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dc.contributor.advisorPetrescu-Prahova, Miruna
dc.contributor.advisorBaldwin, Laura-Mae
dc.contributor.authorVogel, Mia T.
dc.date.accessioned2018-01-20T01:01:40Z
dc.date.available2018-01-20T01:01:40Z
dc.date.submitted2017
dc.identifier.otherVogel_washington_0250O_18193.pdf
dc.identifier.urihttp://hdl.handle.net/1773/40915
dc.descriptionThesis (Master's)--University of Washington, 2017
dc.description.abstractIntroduction: Under the new guidelines for defining and diagnosing high blood pressure set forth by the American Heart Association and American College of Cardiology, 46% of adults in the United States are now living with hypertension. Hypertension management has traditionally been addressed in clinical settings. However, only 54% of adults with hypertension have their condition under control. Improved partnership among clinic staff, pharmacists, community organizations, and community health workers could bridge community-clinical silos to improve medication adherence and promote lifestyle changes necessary to manage hypertension. Our purpose was to explore partnerships for hypertension management in Washington State. Methods: We conducted 41 semi-structured interviews via telephone with clinics (n=10), community organizations (n=10), pharmacies (n=10), and community health workers (n=11) in Washington State. We asked participants about their partnerships for hypertension management, facilitators and barriers to developing partnerships for hypertension management, and strategies public health could apply to promote these partnerships. We coded interview transcripts in Atlas.ti using deductive and inductive thematic analysis that included a priori codes from the CDC-adapted Himmelman Collaboration Continuum. Results: Participants from the clinical sector, including clinic staff and pharmacists, engaged in partnerships with fewer sectors and at more extreme levels in comparison to participants from the community sector, including community organizations and community health workers. Facilitators to partnership included shared priorities and trust. Barriers to partnership included lack of awareness of community resources, competition (turf), lack of time, and exclusion from electronic health records. Conclusion: Facilitating partnerships among sectors would help patients who have traditionally only received health care within clinical settings access community resources to better manage their condition. Future efforts to promote partnerships for hypertension management should focus on reducing barriers by bringing potential partners together to discuss shared priorities, increasing technological support, and building awareness of community resources. Reducing barriers and leveraging facilitators is key for bridging across clinical and community silos for improved continuity of care and hypertension management at the population level.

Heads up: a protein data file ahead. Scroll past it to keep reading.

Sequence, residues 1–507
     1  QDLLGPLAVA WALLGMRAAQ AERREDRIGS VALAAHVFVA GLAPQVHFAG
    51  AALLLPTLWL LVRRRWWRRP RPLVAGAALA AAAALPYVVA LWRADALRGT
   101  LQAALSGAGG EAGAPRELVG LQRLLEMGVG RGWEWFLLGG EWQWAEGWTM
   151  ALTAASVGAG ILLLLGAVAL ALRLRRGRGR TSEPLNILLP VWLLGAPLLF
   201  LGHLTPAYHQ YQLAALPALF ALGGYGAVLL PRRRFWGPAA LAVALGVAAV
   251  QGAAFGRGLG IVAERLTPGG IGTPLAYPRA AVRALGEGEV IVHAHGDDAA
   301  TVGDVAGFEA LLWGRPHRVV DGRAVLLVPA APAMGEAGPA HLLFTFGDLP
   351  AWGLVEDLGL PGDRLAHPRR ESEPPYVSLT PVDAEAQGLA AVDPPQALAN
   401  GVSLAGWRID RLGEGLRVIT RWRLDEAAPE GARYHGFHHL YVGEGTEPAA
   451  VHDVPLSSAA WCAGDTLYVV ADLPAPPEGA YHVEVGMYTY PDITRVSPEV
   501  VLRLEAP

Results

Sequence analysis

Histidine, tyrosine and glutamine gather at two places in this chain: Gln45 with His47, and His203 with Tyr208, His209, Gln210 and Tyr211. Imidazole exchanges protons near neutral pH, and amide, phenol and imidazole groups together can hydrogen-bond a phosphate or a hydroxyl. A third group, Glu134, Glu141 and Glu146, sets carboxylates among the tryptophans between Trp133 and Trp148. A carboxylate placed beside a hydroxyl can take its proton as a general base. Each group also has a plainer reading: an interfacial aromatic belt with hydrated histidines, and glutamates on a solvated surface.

dc.format.mimetypeapplication/pdf
dc.language.isoen_US
dc.rightsnone
dc.subjectChronic disease management
dc.subjectCommunity-clinical linkages
dc.subjectCommunity health workers
dc.subjectHimmelman Collaboration Continuum
dc.subjectHypertension management
dc.subjectInterorganizational partnerships
dc.subjectPublic health
dc.subject.otherHealth services
dc.titlePartnerships for Hypertension Management in Washington State
dc.typeThesis
dc.embargo.termsOpen Access


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